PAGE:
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February 16, 2018

Pat Morrison helps with housing, culture shock

Over the last 30 years, Pat Morrison has housed around 35 international students in her south Overland Park home. She’s not sure of the exact number because she never expected to have so many.

When Pat started inviting students into her home in the 1980s, she thought it would be a nice thing to do once – maybe twice. She and her husband could help students with housing and overcoming culture shock.

Empathy from experience

“When I first came to the United States in the ’60s, I didn’t have anybody to take me aside to tell me ‘Hey, there’s a difference in culture here,’” Morrison said.

“It was two years of tears,” she explained. “I was very, very homesick.”

Thankfully, language was not a barrier. Morrison learned English even before she learned Chinese, since her mother was an English teacher.

She traveled from Singapore to Texas to Kansas City because of her husband’s career, learning new homemaking skills like cooking without her usual staples or the kinds of food she grew up with. “Asian markets were not all that popular back then. We were like aliens, come from another planet,” she said.

So when she had a chance to help others acclimate to a new culture, she said, she felt it was her calling.

A mission to help

“My husband and I also felt it was a mission, tied to our faith, to offer a place for these students,” she said. “They needed to be able to go to school and not worry about rent. We wanted them to get an education,” she said.

They started with homestay students from William Jewell College, then branched out to include students from the University of Missouri-Kansas City, the University of Kansas and, most recently, students from Johnson County Community College.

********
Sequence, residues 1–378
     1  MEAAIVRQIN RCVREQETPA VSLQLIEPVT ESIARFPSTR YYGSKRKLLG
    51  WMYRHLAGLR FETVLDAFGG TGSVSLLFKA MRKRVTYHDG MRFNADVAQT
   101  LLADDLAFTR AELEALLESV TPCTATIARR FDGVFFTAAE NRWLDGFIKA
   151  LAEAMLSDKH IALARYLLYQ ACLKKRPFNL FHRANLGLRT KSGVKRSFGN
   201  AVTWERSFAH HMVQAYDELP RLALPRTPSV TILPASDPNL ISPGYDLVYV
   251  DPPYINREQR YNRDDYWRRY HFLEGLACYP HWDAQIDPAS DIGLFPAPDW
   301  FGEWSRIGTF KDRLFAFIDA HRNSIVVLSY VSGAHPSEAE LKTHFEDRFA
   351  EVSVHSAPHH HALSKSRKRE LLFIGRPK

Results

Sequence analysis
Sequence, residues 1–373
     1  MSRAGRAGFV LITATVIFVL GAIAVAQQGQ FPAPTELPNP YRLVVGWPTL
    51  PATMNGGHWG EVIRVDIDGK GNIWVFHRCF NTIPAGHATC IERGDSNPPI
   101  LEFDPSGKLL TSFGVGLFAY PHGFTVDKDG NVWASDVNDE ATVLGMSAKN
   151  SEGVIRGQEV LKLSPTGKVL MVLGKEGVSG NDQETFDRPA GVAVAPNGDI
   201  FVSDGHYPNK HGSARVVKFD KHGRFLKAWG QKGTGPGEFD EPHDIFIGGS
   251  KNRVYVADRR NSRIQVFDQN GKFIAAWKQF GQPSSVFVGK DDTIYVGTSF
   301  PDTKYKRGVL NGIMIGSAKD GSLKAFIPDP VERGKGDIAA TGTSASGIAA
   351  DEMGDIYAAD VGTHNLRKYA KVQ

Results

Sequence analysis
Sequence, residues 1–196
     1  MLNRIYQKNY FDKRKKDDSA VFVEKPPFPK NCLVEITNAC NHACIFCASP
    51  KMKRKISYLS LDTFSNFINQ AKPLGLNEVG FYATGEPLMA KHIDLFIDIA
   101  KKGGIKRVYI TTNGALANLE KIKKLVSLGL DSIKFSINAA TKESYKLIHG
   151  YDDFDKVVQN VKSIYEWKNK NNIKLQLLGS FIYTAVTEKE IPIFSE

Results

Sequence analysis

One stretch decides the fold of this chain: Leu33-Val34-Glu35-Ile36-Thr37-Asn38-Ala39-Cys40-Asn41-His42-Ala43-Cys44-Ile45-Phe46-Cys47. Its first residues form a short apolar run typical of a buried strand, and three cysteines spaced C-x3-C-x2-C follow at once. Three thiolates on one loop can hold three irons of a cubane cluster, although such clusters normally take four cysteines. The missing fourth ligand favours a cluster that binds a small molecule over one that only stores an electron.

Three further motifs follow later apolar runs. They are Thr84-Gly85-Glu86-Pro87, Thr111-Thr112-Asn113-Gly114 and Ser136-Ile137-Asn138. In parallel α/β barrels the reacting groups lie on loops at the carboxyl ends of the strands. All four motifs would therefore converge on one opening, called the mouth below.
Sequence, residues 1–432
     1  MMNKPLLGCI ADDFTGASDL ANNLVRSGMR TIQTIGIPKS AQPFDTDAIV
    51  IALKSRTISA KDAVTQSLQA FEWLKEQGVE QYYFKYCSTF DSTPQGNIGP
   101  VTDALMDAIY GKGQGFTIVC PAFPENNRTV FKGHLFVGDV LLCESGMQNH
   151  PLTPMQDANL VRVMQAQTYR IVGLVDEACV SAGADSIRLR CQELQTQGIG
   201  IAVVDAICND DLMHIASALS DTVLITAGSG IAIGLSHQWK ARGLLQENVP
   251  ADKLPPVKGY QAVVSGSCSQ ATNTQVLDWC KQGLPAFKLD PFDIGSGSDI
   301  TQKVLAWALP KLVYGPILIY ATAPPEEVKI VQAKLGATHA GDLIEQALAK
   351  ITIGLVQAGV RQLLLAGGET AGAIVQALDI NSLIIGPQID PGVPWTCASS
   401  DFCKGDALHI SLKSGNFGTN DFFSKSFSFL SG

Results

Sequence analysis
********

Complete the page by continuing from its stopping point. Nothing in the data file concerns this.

“I try to have only one student at a time,” she said sternly. “Except for now. And a few other times when someone needs a place to stay.” She smiled. “One couple got married. They were both staying with me, and now they are living in Japan with four kids.”

At the wedding, Morrison and her husband walked the bride down the aisle. When the family visits Kansas City, they reconnect with “Auntie Pat.”

“That’s a cultural thing, a sign of respect,” she explained. “For all the students, I am Auntie Pat.”

Making lifelong connections

For international students who have no family nearby, “Auntie” is also a sign of comfort.

JCCC student Matias Gomez Palau has stayed with Morrison for the last three years. Born in Argentina, he moved to Botswana at age 5 and to the United States in 2013.

“I have had a fantastic time,” he said. “It’s like having a second family. Since this was my first time as a host student, I didn’t know what to expect. But they invited me to events, took me out to dinner, and I felt very welcomed. “

The effects of this hospitality last long after the visit. “I had one student, the parents send me a gift at Christmas every year,” Morrison said. “They do that because their son considered Kansas City his home, and he has come back to see us.” Another former student contacted Morrison immediately after her husband’s death and sent her a ticket to come visit his family in California.

“It’s always nice to hear from the students, because I’d like to believe at the end of the day, one or two will stand out, you know? That I helped them on their journey,” Morrison said.

“One or two” students is an understatement, according to Suzanne Maheu, Homestay Coordinator for JCCC’s International and Immigrant Student Services.  “Countless students have benefited from her guidance, support and from her ability to help them adapt to life in the U.S.”

Maheu said Morrison personifies JCCC’s mission of transforming lives and strengthening communities. “Pat stands out for her ability to meet students where they are developmentally, emotionally and academically,” Maheu said.

To find out how you can be a host to international or immigrant students, contact Maheu at 913-469-7680.